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RE: current HTTP/2 spec prevents gzip of response to "Range" request

From: <K.Morgan@iaea.org>
Date: Thu, 27 Mar 2014 20:55:27 +0000
To: <matthew@kerwin.net.au>
CC: <fielding@gbiv.com>, <derhoermi@gmx.net>, <roland@zinks.de>, <C.Brunhuber@iaea.org>, <ietf-http-wg@w3.org>
Message-ID: <0356EBBE092D394F9291DA01E8D28EC20100F4015E@sem002pd.sg.iaea.org>
Hi Matthew-

On 27 March 2014 05:45, Matthew Kerwin wrote:
> ... It's entirely up to my server configuration to decide whether to
> serve up the contents of index.html, or index.html_gz, or index.txt,
> or any other random *representation* of that resource.  Importantly,
> each of these representations is a distinct entity, with its own
> entity-specific metadata (Content-Type, Content-Encoding,
> Content-Length, Last-Modified, ETag, etc.)...

What if a client requests directly /index.html_gz, do you still send that as "Content-Encoding: gzip\r\nContent-Type: text/html" or just "Content-Type: application/x-gzip"?

What about a resource e.g. /search.php that has dynamic results and the response body is gzip compressed to save bandwidth? Are you saying each unique result is a distinct entity and so that too should be "Content-Encoding: gzip\r\nContent-Type: text/html" or is this a case where it really should be called "Transport-Encoding: gzip\r\nContent-Type: text/html"?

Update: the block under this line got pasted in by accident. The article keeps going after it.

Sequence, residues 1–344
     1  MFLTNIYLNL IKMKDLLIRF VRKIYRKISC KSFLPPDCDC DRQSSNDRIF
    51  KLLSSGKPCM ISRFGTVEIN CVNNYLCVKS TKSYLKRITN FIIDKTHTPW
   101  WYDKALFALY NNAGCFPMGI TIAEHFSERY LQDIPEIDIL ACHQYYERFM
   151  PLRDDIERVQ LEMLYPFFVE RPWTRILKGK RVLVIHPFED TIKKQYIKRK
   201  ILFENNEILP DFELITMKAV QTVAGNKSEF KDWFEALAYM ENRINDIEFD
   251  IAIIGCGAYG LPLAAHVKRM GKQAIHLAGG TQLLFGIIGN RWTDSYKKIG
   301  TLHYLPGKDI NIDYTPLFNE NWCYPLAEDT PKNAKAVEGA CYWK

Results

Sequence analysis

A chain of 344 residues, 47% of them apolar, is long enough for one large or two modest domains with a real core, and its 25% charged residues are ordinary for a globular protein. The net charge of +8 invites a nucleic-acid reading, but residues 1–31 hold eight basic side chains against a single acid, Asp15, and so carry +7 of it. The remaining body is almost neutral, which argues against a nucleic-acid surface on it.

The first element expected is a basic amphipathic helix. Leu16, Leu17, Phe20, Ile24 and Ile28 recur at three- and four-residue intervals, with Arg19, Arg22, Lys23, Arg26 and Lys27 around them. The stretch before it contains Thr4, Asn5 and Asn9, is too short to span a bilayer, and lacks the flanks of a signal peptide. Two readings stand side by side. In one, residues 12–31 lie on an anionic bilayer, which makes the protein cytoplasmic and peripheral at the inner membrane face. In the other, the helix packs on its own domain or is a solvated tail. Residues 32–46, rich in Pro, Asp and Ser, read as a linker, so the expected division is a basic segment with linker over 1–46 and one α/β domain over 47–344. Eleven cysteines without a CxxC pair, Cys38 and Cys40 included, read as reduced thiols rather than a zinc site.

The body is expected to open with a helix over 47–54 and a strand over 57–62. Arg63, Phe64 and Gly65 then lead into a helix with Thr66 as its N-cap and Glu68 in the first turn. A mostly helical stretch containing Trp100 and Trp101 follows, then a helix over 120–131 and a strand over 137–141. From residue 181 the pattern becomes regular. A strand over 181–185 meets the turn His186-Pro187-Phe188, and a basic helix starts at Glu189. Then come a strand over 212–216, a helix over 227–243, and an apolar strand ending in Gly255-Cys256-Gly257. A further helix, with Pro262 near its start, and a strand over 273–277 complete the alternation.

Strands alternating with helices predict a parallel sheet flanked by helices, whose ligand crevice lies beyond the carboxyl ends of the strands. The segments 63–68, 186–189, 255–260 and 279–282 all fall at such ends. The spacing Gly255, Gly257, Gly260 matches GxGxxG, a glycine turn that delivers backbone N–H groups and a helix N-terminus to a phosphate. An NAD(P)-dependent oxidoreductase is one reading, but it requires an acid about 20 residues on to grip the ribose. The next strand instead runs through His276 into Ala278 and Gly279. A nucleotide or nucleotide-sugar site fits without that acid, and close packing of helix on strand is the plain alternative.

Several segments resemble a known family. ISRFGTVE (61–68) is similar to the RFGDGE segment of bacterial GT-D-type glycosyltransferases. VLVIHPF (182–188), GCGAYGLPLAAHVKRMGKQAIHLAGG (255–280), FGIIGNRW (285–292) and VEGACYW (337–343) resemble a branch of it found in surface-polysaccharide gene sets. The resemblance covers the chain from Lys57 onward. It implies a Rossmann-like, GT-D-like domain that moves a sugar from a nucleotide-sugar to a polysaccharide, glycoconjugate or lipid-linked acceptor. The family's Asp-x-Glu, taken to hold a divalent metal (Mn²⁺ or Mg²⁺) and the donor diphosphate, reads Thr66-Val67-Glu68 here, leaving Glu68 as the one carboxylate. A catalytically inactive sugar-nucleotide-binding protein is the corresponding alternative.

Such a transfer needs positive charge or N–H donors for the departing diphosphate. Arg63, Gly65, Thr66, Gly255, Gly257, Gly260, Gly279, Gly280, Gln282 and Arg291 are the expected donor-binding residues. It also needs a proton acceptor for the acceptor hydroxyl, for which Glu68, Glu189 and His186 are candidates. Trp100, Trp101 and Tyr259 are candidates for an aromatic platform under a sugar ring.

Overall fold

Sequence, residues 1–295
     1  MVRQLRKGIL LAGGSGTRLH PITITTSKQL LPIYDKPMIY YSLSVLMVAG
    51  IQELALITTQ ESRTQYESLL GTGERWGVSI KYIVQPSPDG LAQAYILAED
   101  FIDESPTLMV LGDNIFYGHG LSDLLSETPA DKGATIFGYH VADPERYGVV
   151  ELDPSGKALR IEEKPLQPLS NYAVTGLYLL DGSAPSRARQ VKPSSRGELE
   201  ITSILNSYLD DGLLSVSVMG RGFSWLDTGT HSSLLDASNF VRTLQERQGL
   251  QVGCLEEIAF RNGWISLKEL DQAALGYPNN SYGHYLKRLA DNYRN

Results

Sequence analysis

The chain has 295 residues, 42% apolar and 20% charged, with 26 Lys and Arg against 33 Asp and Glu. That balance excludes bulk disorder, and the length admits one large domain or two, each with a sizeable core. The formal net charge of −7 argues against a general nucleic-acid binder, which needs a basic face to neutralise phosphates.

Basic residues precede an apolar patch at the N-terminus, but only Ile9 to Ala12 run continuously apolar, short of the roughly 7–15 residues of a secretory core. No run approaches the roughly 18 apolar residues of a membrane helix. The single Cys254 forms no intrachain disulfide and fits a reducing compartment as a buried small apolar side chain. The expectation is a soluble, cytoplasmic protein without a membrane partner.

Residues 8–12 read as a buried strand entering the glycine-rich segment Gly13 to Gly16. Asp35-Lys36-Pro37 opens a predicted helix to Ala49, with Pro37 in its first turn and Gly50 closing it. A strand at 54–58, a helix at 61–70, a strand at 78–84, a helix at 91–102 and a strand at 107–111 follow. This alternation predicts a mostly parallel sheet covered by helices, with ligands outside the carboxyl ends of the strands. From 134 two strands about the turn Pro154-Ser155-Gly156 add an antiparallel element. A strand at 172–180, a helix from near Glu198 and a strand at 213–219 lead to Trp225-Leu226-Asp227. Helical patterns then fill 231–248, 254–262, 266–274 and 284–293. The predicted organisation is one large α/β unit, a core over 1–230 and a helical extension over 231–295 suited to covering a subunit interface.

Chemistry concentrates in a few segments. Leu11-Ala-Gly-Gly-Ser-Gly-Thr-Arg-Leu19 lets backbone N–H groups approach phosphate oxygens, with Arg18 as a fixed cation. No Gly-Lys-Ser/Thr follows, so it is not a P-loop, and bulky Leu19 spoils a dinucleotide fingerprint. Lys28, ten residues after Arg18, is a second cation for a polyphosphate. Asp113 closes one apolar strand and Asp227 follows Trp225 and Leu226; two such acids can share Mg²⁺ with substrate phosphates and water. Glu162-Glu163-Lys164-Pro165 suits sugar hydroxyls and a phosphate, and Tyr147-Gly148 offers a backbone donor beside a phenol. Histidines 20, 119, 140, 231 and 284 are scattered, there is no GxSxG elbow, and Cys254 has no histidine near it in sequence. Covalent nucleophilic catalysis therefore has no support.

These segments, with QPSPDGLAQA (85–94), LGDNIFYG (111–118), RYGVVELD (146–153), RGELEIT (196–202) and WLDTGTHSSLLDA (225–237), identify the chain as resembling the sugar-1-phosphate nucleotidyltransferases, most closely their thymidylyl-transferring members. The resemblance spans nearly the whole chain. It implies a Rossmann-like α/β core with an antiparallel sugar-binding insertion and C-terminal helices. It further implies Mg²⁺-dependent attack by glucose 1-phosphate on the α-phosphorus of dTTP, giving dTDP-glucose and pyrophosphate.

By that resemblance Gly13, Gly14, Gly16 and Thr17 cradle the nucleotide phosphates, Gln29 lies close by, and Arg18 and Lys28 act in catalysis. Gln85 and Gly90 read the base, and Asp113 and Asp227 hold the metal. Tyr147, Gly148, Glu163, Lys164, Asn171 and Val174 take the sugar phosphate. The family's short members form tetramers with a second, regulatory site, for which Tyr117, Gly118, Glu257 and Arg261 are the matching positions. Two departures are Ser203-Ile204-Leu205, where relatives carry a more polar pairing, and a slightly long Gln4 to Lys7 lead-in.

> It also allows entity-specific operations like range requests.

What if user directly requests a range of /huge.resource (e.g a huge non-compressed entity), but you want to save bandwidth on the transfer with compression? Based on the requirements of RFC2616, I assert you can't compress without using "Transport-Encoding: gzip".

> -p2 <http://tools.ietf.org/html/draft-ietf-httpbis-p2-semantics-26>
> doesn't even have a section 14.  You seem to be referencing RFC 2616,
> which AFAIK isn't split into parts.

Got it. Thanks. I'll fix that.

> I propose not confusing hop-by-hop transport with end-to-end content.
> We already have an end-to-end compression mechanism, which works for
> the most part. I just don't like it because people have gotten
> confused by it. That doesn't mean that it *can't* be used correctly,
> or that it doesn't have any value.

Can you give some examples of what you consider the confusion?

> Even were gzip transport a MUST-level requirement for HTTP/2, there
> would still be 2->1.1 gateways that are forced to strip the transport
> compression because the machinery on the 1.1 side doesn't send TE
> headers. Therefore I argue that we should definitely NOT get rid of
> Content-Encoding: gzip. What I propose is that we recommend support
> for TE:gzip, and hope that the 1.X parts of the web fade away enough
> that nobody cares about them not having compressed data everywhere.
> Hence "best practice guideline, not an interoperability requirement."

In our original proposal we had guidelines for what intermediaries have to do for the 2->1.1 gateways if the 1.1 side doesn't send a "TE: gzip" header. I'm not sure why that wouldn't work with a MUST-level requirement for HTTP/2.

I'm also not sure exactly what part of our proposal you are referring to that should be a best practice guideline (also not exactly sure how you put a "best practice" guideline in an RFC - is there a guideline on how to write such a guideline).
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Received on Thursday, 27 March 2014 20:56:43 UTC

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